VI. Simulation Results: Simu lation results from mat lab / simulink are provided to enable the verification of the reference signals generation. The system parameters are shown in the below table. In order to easily observe the effects of negative -sequence correction, we intentionally blown-up the values of the line inductances to the same order as the filter inductors. Therefore, the inductors are combined with the line impedances, reducing the LCL structure to an LC one. According to the values of the line impedances in below, we obtain that θ = 45 degrees. For a straightforward test of the effectiveness caused by the negativesequence voltage correction, only fundamental positive- and negative-sequence components are considered in the grid voltages as given. It should be pointed out that the afore-mentioned control scheme and the mult i-variable filter can also be imp lemented for distorted grid voltages.

(a) unbalanced grid voltages in a-b-c frame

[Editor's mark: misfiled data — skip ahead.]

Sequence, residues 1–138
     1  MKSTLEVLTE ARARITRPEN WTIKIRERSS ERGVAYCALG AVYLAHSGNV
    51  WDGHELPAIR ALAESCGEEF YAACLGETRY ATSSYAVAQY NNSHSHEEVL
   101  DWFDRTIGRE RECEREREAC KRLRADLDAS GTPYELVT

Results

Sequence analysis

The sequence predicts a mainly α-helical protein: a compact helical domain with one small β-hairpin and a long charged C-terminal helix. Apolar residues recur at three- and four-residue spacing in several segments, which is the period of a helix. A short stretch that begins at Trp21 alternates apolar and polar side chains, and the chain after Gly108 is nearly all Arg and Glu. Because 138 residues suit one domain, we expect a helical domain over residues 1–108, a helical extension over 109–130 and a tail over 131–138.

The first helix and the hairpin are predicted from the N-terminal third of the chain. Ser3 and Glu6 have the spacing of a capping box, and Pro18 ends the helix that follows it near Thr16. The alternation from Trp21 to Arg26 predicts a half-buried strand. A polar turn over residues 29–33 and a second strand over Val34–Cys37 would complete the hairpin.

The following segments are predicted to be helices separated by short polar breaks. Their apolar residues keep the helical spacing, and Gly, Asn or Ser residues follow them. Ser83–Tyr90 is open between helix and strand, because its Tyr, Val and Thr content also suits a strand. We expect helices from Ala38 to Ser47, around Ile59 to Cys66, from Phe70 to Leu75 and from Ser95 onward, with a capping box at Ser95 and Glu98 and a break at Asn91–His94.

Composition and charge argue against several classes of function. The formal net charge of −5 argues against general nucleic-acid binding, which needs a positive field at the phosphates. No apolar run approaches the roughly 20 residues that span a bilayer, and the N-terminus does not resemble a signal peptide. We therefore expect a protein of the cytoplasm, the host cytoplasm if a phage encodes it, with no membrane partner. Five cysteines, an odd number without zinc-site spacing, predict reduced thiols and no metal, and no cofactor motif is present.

(b) per-unit positive sequence currents

(c) negative-sequence current

and

and

in-phase with the positive-sequence voltage

lags the negative-sequence voltage by 45 degrees in the α − β frame.

Fig. (8). Simu lation results of the reference currents generation. To verify the proposed control method with its integrated correction function, the controller is designed on a Mat lab Simu link. Due to the long computation time of the controller, a sampling frequency of 8 kHz is used. The switching frequency is twice the sampling frequency. Fro m the above fig.(8) shows the simu lation results of reference current generation. And this simulat ion wave form shows the (a). Unbalanced grid voltages in a-b-c frame, (b).per-unit positive sequence currents and in-phase with the positive-sequence voltage, (c).negative-sequence current

and

lags the negative-sequence voltage by 45 degrees in α − β